Question List

Q: What is meant by the Court's "abortion jurisprudence"?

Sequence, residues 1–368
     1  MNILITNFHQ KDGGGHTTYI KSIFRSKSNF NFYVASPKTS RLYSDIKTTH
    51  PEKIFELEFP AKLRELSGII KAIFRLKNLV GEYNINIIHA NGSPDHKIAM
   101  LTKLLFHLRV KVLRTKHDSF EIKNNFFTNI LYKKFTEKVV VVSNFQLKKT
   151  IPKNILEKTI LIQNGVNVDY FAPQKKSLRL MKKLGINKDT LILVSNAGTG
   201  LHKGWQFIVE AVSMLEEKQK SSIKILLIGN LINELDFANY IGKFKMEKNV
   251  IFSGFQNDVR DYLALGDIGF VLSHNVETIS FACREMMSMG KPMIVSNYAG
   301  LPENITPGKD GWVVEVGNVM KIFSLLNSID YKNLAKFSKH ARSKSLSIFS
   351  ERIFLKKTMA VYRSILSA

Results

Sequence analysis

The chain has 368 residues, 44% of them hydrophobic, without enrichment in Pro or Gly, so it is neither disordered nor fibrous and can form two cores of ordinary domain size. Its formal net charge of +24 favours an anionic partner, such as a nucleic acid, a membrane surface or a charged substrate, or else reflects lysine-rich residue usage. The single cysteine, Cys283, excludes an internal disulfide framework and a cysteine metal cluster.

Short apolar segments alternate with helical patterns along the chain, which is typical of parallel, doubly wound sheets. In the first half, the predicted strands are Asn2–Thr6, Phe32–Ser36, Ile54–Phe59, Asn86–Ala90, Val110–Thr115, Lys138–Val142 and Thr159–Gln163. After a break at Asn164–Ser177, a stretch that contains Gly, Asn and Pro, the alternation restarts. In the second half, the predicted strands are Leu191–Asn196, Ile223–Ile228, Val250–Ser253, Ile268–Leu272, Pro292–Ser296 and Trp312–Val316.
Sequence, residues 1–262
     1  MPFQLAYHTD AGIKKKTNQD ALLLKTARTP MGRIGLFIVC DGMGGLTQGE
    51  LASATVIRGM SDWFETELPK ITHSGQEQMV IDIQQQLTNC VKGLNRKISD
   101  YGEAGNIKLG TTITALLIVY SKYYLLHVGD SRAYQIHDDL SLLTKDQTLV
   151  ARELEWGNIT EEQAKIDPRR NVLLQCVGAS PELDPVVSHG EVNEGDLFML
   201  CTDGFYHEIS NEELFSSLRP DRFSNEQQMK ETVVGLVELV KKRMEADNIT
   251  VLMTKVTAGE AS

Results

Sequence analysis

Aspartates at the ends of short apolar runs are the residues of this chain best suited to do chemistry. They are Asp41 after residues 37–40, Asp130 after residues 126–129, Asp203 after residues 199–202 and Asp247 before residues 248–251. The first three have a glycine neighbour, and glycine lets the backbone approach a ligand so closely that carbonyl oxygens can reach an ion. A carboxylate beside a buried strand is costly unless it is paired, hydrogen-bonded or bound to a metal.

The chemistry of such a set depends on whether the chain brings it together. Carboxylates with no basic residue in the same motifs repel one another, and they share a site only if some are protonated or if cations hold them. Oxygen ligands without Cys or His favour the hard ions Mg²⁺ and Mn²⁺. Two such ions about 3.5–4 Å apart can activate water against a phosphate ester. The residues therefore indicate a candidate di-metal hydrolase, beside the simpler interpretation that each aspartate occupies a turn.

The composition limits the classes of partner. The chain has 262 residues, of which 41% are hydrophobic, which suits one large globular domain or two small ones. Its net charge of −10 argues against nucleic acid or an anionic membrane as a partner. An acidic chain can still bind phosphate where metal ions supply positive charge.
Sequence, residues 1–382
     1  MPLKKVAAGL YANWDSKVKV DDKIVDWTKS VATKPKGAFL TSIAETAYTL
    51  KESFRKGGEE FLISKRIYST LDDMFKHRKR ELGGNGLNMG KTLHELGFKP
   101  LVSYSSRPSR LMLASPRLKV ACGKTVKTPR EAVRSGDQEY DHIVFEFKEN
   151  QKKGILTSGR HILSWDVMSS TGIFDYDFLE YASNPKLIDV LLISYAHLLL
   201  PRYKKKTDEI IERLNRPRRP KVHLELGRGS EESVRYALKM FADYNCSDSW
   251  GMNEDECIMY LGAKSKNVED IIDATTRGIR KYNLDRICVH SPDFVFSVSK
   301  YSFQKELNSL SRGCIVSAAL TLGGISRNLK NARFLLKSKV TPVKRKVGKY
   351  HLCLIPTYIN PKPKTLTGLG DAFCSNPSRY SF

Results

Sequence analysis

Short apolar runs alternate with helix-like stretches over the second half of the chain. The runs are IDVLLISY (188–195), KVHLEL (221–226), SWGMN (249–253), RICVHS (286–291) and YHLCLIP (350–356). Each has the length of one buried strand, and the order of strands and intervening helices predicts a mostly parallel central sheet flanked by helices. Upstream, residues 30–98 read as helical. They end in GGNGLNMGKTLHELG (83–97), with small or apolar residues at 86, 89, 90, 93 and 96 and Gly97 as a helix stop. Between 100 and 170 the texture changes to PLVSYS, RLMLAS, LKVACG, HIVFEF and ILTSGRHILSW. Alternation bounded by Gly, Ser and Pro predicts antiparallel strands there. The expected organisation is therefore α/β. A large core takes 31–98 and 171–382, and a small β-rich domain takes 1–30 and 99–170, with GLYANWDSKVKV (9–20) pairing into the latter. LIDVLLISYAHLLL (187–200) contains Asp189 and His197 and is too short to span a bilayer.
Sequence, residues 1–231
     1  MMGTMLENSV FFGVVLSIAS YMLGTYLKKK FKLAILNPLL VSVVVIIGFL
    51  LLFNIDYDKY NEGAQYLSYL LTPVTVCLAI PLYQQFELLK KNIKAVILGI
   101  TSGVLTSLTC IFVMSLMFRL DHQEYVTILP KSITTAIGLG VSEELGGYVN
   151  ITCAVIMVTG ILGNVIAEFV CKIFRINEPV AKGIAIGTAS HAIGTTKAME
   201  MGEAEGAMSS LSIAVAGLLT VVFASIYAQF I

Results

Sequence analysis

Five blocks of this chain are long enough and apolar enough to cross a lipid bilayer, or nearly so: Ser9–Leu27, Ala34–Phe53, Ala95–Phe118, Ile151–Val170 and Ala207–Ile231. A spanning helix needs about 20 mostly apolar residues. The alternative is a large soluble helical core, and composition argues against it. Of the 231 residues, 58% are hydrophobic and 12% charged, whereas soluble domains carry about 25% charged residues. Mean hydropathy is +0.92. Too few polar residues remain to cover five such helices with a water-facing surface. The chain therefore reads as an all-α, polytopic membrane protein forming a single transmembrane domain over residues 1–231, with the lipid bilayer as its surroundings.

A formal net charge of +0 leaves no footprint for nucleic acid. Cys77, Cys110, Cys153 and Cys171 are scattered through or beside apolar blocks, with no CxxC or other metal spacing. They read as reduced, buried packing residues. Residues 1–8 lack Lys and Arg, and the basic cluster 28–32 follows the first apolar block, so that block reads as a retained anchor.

The term "abortion jurisprudence" as used here refers to the Court's holdings on legal matters related to abortion. In its 1973 Roe v. Wade and Doe v. Bolton decisions, the Court reached the shocking conclusion that abortion, which is mentioned nowhere in the text of the Constitution and had been criminalized for centuries in Anglo-American law, is a "fundamental" constitutional "right." The Court's "abortion jurisprudence" includes what the Court said in 1973 as well as in all its subsequent abortion decisions. Over the years the Court has adjusted aspects of its holdings, and in 1992 retreated from its position that abortion is "fundamental." To this day, however, the Court continues to treat abortion as a constitutionally protected right under principles of stare decisis (or respect for precedent).  Many scholars, including some who support a right to abortion as a matter of legislative policy, agree that Roe and Doe are among the most constitutionally indefensible decisions in the history of the Court. The Court created a "right" to abortion without basis in the Constitution or U.S. legal traditions, and displaced the democratically-expressed will of the people and their representatives. Copyright © 2018 NCHLA